TiVo at this year's CES show in Las Vegas unveiled a new low-cost device that would compete directly against the likes of Roku and Apple TV, marking a pivot to what the company says is its future.
Why it matters: When TiVo debuted its iconic digital video recorder 21 years ago at this very same gadget trade show, recording video and skipping commercials marked a revolution in consumer control over how and when to watch TV. But things have greatly changed since then.
How it works: TiVo's new Stream 4K device is a little dongle, a la Google's Chromecast or the Amazon Fire TV Stick, that plugs into a TV's HDMI port. It will cost $49.99 at launch and eventually be priced at $69.99.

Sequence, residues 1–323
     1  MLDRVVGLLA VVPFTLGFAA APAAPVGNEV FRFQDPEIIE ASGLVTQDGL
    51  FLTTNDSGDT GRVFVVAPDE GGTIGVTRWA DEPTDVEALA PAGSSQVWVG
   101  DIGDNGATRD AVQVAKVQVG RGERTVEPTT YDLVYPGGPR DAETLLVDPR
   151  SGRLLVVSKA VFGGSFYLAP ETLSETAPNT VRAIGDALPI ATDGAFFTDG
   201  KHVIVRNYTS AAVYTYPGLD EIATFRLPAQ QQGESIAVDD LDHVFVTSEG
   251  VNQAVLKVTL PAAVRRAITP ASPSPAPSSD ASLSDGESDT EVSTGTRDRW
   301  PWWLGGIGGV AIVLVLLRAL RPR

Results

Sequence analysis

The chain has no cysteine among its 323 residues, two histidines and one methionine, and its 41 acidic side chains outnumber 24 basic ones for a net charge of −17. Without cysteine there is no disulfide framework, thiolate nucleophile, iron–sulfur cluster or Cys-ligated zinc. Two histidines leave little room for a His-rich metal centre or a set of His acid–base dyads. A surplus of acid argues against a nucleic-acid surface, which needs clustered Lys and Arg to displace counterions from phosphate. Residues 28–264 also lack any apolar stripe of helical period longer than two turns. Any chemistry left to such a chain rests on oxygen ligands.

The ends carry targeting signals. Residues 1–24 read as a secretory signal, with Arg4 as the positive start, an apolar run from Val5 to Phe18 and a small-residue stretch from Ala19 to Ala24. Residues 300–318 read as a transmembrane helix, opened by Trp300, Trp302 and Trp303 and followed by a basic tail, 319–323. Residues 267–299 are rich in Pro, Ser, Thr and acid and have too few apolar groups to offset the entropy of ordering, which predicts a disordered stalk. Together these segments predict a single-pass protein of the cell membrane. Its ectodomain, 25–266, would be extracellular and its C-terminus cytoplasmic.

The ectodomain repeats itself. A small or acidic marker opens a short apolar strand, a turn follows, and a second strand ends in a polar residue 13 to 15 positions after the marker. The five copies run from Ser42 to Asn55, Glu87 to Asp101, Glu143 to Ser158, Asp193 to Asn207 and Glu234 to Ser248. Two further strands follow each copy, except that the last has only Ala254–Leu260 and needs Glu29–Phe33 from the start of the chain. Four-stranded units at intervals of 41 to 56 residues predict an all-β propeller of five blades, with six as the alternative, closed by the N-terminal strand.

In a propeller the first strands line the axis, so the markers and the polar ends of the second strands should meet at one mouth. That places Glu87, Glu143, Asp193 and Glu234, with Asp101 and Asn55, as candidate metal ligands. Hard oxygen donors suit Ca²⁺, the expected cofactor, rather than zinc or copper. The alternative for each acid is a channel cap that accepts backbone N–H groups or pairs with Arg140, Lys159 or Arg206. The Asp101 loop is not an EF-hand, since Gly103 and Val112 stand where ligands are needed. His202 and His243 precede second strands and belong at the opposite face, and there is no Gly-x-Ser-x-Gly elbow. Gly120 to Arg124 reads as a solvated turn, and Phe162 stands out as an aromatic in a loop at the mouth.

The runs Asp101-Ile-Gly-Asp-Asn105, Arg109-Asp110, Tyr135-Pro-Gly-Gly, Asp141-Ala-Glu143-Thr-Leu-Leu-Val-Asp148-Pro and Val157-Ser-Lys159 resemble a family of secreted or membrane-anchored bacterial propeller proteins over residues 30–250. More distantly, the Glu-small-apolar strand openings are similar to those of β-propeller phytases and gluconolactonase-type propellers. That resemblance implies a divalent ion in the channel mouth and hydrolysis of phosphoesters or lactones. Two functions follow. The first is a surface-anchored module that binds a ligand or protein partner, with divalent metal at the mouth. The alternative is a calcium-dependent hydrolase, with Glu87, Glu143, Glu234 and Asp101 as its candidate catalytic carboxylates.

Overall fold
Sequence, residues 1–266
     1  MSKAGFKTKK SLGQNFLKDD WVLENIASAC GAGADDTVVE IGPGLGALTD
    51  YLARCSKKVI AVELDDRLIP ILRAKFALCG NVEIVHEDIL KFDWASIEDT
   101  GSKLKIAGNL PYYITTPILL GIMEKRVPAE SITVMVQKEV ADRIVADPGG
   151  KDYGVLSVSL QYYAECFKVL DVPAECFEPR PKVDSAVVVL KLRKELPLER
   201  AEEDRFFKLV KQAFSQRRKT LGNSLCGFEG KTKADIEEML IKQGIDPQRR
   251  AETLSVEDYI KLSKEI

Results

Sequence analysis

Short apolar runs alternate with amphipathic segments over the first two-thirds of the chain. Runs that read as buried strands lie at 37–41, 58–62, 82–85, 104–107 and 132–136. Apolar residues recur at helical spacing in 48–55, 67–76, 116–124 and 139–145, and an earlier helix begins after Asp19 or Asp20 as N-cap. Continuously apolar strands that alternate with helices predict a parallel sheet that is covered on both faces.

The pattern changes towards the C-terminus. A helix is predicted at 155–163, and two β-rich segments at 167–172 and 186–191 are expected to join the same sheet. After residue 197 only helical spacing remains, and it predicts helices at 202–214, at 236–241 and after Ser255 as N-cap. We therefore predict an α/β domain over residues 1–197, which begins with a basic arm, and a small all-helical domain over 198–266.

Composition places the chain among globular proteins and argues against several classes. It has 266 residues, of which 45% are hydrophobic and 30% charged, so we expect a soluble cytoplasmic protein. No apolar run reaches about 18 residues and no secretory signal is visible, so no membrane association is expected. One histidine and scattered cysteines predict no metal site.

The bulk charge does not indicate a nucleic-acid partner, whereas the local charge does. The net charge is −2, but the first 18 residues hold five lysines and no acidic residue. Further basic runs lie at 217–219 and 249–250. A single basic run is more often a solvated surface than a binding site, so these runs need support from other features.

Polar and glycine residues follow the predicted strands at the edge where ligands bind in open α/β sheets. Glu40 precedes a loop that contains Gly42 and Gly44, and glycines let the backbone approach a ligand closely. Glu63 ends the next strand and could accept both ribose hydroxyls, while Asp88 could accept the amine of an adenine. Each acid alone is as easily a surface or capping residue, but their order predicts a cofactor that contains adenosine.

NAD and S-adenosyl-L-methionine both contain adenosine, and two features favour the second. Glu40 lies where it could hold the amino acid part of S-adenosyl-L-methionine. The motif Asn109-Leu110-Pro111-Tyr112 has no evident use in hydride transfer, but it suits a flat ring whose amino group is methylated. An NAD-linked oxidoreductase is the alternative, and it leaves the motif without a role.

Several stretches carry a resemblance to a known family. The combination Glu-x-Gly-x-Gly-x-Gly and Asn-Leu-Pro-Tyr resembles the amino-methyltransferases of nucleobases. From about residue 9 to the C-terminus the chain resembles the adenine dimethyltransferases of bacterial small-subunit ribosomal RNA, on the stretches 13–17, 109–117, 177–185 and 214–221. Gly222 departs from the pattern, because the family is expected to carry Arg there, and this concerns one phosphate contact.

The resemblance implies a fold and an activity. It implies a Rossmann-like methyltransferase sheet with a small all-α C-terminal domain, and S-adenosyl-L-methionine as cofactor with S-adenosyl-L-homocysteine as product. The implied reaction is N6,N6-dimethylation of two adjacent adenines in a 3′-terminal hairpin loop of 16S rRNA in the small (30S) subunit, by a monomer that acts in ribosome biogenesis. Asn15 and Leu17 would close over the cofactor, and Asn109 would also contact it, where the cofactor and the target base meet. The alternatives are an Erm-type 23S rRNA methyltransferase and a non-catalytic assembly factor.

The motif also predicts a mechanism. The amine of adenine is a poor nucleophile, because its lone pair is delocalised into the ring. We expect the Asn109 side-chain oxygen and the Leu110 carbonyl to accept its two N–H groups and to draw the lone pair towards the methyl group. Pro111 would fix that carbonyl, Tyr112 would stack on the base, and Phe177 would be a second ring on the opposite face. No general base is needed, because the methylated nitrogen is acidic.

- Customers will be able to use the device for streaming services like Netflix, Amazon Prime Video, HBO and Tivo's own ad-supported video network, TiVo+, as well as for watching live TV and cable via Dish Network's Sling TV.
- There are no monthly fees other than those for streaming services customers have to pay anyway.
Yes, but: TiVo's Stream 4K device will have to compete with established players like Roku, Apple TV, and Android TV.
- TiVo says its algorithm-based customization of the content it displays and suggests to a viewer will be its edge over other products. But it's unclear if that'll be enough to get consumers to switch over if they're already content with their existing setup.
The big picture: TiVo's new CEO, Dave Shull, who joined last May, knows the company has to make a bold move, and he wants to kill off its set-top boxes, he told Axios in an interview in Las Vegas. This is the first step on the way to a fully software-based future, he said.
- Meanwhile, TiVo last month announced a $3 billion all-stock merger with Xperi, a tech IP licensing company.